Federal Crime Insurance

Federal Crime Insurance

Federal Crime Insurance
Federal Crime Insurance

Insurance companies make profits in two ways: They adjust their rates continuously so that they take in more money in premiums than they pay out in claims, and they invest the money paid by policyholders in order to collect interest, divi- dends, and rents. To contain costs and limit pay- outs, companies raise their rates, place caps on reimbursements, impose sizable deductibles, and exclude certain kinds of losses. One irony of the for-profit insurance business is that those who face


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the greatest risks and therefore need coverage the most are sometimes either denied policies outright or charged exorbitant premiums that they can’t afford.

The insufficiency and unfairness of private insurance underwriting practices first received pub- lic attention during the late 1960s. The National Advisory Panel on Insurance in Riot-Affected Areas (part of the National Advisory Commission on Civil Disorders) in 1967 examined the plights of inner-city residents and businesses that had suffered losses due to looting and arson during ghetto rebel- lions. The panel cited a general lack of insurance availability as a factor contributing to urban decay: the closing of businesses, the loss of jobs, the aban- donment of buildings, and the exodus of residents from high-crime areas.

In 1968, Congress followed some of the panel’s recommendations and granted relief to those who suffered from insurance redlining (an illegal, discriminatory practice that results in denial of coverage). The Department of Housing and Urban Development Act set up Fair Access to Insurance Requirements plans to make sure that property owners were not denied fire damage coverage solely because the neighborhood had a high rate of arson cases. In 1970, Congress amended the 1968 act to permit the federal gov- ernment to offer affordable burglary and robbery insurance directly to urban homeowners, tenants, and businesses in areas where such coverage from private companies was either unavailable or unreasonably expensive. Federal intervention into the insurance market to assist actual and potential crime victims was viewed as a last resort (Bernstein, 1972). The Federal Emergency Man- agement Agency currently runs the Federal Insur- ance Administration.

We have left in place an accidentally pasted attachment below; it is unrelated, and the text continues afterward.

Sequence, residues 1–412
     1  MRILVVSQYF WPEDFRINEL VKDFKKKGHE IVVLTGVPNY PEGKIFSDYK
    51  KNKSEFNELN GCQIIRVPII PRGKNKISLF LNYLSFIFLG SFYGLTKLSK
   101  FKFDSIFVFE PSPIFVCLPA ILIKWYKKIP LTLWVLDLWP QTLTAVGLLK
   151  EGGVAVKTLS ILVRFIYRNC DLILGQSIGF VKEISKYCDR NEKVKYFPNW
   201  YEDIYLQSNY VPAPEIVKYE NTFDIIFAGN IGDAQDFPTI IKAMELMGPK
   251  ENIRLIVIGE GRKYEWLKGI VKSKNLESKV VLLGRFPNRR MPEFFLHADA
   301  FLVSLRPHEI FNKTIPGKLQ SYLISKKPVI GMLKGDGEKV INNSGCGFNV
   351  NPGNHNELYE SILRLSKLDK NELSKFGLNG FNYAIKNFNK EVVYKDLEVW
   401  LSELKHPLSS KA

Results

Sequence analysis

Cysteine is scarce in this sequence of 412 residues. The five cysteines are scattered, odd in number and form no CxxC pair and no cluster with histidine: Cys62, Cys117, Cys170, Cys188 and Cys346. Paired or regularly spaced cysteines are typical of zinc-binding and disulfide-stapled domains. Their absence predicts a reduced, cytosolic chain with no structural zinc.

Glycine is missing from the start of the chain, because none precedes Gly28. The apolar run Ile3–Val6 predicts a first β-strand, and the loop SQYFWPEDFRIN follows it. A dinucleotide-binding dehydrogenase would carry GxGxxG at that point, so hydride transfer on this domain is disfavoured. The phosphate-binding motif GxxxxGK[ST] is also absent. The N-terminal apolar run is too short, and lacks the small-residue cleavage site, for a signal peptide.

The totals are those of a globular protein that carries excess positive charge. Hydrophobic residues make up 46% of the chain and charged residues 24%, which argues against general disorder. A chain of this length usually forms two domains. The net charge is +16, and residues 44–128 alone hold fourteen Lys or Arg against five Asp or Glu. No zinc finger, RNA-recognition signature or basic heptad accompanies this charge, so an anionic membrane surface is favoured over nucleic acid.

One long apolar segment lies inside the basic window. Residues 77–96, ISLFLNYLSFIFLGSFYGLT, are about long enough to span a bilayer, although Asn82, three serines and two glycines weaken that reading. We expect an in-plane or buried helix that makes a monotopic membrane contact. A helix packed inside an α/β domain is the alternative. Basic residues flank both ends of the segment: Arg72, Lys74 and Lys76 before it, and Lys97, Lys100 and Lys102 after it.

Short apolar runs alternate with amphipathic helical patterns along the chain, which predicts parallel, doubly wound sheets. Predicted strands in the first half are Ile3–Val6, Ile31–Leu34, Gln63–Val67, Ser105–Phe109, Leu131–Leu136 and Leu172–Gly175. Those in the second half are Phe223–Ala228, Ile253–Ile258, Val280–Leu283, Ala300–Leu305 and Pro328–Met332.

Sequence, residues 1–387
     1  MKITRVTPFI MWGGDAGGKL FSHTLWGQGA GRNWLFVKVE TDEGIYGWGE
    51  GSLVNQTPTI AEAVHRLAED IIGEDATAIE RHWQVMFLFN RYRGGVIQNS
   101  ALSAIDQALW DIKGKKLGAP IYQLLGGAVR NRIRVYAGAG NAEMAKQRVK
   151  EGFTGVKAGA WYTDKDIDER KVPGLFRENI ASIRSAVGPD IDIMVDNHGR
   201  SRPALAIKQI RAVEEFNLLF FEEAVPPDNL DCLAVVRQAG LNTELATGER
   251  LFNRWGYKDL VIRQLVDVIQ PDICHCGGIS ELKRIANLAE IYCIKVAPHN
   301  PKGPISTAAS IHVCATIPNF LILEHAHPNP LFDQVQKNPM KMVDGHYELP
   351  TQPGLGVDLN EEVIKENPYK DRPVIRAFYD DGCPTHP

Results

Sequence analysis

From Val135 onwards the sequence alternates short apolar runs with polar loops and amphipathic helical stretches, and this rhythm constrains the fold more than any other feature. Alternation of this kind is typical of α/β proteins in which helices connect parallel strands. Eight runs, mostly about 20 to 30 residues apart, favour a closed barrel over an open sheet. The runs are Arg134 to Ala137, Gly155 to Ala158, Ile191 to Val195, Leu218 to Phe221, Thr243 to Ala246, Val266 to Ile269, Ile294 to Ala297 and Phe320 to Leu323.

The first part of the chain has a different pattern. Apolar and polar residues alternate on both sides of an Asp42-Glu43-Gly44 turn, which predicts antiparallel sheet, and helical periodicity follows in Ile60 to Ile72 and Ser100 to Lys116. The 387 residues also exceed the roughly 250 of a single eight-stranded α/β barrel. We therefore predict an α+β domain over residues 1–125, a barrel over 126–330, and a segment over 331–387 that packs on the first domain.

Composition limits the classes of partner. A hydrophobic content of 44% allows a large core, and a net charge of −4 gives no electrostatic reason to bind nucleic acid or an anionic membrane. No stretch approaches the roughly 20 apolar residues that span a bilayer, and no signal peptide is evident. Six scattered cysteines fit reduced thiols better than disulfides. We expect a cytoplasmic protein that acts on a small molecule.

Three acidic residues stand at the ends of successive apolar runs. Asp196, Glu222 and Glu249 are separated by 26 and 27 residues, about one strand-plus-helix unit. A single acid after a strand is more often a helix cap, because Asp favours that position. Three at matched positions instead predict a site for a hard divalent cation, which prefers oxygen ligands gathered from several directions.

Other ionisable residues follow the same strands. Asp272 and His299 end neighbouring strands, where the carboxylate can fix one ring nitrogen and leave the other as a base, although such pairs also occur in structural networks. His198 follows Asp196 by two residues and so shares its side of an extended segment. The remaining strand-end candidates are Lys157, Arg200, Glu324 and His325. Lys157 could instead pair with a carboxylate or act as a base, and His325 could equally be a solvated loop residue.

Once the government began to sell insurance coverage, it became reasonable to ask whether public funds could be set up to bail out families that faced economic ruin because they were not willing or able to pay for private insurance policies, or were inade- quately protected, especially against huge medical bills and lost earnings. Public insurance plans are called crime victim compensation programs.

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